Hardness tests were performed on a hardness testing rig (Reicherter Briviskop BL 1-1). The tests were carried out in accordance with EN 1534. The subsequent observation and measurement of the ball marks were carried out with a light microscope. Weighing was performed with a precision micro scale (Kern ABT 220-5DM).

Results and Discussion

Density and Hardness

The Brinell hardness as a function of wood density for the variously prepared wood samples is shown in Fig. 4. For each modification, three wood samples were measured. The scattering of the measured density values was smaller than the symbols used in the figure.

Fig. 4

Brinell hardness versus sample density for as-delivered steamed and variously modified beech wood. All the samples were conditioned at RH = 50% and T = 23 °C according to DIN 50014-23/50-1 prior to performing the density as well as hardness measurements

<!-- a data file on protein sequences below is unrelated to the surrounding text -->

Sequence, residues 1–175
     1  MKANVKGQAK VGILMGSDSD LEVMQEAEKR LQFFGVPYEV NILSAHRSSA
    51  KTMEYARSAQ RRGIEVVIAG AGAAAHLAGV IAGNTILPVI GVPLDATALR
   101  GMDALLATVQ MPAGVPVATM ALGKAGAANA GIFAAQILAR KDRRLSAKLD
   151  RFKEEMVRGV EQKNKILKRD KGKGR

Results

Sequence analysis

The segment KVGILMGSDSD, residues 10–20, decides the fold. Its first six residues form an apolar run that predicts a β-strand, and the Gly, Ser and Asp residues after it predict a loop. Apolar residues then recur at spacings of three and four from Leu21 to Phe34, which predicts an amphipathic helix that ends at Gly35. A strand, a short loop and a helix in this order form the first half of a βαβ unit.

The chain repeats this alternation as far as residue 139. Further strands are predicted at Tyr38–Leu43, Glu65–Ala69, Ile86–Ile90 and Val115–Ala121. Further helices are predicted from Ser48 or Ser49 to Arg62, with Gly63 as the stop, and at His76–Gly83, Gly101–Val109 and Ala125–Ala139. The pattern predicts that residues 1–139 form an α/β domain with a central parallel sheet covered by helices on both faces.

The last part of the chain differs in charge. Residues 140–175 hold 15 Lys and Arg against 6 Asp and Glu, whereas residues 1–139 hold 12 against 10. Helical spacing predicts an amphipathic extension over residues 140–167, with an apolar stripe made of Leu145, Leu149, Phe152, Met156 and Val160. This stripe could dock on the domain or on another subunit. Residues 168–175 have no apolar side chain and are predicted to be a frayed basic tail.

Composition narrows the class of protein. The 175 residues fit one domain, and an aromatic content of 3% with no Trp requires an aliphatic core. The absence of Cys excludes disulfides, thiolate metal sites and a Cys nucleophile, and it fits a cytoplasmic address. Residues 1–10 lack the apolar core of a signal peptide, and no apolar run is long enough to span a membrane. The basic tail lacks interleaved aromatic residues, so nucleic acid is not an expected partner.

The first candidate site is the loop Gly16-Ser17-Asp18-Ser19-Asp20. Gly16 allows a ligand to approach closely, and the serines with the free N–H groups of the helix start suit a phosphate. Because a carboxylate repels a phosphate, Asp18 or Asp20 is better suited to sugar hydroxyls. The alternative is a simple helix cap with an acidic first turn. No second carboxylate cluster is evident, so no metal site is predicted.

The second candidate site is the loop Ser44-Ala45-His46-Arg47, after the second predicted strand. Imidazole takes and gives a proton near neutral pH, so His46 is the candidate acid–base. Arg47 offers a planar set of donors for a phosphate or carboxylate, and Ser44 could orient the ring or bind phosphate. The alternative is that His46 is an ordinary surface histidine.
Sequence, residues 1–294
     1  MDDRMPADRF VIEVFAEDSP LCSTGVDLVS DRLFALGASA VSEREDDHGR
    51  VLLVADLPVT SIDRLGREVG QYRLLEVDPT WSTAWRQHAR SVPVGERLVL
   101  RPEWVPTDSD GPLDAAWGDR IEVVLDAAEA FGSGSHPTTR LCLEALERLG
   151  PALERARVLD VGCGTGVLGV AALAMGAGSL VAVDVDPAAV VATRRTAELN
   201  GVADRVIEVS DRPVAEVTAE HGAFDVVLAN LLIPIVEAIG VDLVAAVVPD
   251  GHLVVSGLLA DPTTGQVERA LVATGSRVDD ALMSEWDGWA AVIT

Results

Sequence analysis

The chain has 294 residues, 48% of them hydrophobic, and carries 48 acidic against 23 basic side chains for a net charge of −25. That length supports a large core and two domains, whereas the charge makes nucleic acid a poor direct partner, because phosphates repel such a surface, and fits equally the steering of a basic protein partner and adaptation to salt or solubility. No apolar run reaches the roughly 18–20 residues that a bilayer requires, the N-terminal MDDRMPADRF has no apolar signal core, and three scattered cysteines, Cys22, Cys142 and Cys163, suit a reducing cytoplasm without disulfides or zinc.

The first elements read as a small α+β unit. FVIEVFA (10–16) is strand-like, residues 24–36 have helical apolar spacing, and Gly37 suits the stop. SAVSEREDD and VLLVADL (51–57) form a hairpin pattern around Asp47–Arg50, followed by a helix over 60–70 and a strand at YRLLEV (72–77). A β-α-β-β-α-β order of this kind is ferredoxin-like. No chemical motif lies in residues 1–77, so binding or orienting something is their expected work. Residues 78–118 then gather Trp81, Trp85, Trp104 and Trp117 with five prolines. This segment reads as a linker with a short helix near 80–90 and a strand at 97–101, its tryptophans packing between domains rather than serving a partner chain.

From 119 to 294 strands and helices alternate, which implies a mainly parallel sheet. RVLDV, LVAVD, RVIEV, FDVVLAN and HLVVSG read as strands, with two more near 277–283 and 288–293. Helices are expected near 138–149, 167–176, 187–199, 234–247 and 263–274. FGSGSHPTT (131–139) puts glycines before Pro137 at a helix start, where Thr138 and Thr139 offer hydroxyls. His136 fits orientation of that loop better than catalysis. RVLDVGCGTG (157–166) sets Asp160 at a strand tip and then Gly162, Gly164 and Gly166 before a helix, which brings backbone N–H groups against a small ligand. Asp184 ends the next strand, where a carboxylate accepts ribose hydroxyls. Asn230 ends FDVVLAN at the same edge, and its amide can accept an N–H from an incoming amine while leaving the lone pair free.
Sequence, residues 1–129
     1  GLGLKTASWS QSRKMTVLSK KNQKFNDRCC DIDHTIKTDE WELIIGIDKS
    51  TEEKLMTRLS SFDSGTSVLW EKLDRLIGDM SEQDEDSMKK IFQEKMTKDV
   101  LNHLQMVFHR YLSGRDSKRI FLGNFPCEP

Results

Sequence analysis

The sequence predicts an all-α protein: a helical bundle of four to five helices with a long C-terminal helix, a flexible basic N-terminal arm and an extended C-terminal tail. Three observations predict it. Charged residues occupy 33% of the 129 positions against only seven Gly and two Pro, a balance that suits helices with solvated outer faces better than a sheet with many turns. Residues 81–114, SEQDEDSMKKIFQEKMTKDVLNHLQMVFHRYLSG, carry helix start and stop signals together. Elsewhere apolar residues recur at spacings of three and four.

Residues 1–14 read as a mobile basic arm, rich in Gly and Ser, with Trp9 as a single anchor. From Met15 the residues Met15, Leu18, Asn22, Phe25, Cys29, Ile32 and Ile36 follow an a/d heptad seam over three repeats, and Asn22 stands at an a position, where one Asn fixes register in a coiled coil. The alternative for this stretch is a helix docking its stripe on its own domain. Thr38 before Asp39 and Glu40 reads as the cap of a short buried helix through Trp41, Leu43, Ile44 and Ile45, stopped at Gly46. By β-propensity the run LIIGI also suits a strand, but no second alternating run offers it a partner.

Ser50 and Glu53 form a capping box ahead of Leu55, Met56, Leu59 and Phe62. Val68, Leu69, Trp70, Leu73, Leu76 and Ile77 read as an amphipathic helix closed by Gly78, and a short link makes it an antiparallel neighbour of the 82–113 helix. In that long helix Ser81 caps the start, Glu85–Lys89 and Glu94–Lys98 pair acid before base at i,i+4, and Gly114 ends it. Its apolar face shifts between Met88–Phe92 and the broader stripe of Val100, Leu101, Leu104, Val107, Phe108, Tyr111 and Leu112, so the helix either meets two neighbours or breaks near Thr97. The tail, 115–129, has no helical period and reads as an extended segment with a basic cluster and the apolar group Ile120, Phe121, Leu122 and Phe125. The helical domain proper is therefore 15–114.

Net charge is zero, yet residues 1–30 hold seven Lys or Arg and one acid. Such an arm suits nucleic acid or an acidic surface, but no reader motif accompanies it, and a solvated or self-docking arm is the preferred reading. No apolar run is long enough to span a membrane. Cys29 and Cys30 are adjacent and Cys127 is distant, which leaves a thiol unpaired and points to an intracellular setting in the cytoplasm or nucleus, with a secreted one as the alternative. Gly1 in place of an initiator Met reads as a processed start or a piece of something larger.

According to Kollmann [12], the Brinell hardness of untreated wood lies in a range of 59 to 88 N/mm2 (as shown in Fig. 4). The values of the as-delivered beech wood samples deviate only marginally from this range. For wood compressed to 62% of the original value, a linear relationship between hardness and density is observed, in agreement with results found in Ref. [10]. A deviation from this linear relationship occurs, however, in samples filled with animal glue or beeswax. The highest density of 1.21 g/cm3 was measured for beeswax-filled samples. However, with 75 N/mm2, these samples exhibit the lowest hardness of all the modified woods; a linear correlation between hardness and density does not occur here. Scholz and Krause [15] report a predominant increase in the hardness in the axial direction of their wax-filled woods. This assumption also is only partially true when comparing AD and WA-IM samples. Although the scattering is lower and the average hardness has increased somewhat due to the modification, the values are in the scattering range of the AD samples. For compacted wood, filling with wax leads to a slight decrease in hardness for samples dried at 65 °C (Fig. 4). For samples dried at 200 °C, however, a slight increase in hardness is observed (Fig. 4).